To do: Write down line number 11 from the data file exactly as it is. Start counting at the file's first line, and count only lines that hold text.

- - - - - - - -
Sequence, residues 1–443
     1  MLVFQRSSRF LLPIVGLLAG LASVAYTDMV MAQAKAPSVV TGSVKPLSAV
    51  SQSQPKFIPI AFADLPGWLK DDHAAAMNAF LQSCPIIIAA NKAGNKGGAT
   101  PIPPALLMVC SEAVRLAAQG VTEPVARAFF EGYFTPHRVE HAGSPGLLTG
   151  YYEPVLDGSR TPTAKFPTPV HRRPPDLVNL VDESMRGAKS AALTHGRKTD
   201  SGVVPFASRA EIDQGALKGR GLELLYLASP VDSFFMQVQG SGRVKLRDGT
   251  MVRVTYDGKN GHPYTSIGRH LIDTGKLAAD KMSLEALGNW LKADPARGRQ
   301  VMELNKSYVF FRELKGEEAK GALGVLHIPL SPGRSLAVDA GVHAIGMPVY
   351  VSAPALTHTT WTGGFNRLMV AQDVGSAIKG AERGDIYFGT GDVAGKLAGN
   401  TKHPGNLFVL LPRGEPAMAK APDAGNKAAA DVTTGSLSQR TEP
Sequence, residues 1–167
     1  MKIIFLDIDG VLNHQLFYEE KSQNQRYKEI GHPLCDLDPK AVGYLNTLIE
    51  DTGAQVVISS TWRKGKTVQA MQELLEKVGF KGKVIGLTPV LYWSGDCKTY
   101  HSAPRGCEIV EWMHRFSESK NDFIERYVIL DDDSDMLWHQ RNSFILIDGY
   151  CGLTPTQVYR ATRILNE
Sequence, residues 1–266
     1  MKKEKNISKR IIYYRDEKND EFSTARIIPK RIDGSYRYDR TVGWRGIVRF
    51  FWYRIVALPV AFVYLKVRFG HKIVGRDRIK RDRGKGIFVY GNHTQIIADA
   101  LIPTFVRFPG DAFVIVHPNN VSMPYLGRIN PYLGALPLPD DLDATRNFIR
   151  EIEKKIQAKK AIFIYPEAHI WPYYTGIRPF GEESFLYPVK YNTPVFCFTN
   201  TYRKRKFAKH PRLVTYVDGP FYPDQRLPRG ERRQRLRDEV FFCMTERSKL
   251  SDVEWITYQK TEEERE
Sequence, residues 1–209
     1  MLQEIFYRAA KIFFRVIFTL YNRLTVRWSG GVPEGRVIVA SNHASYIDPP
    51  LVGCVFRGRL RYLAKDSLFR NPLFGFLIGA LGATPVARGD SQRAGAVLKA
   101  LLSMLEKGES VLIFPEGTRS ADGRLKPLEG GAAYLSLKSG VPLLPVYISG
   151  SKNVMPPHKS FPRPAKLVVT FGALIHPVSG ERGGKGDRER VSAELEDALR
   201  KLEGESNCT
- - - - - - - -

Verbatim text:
Sequence, residues 1–167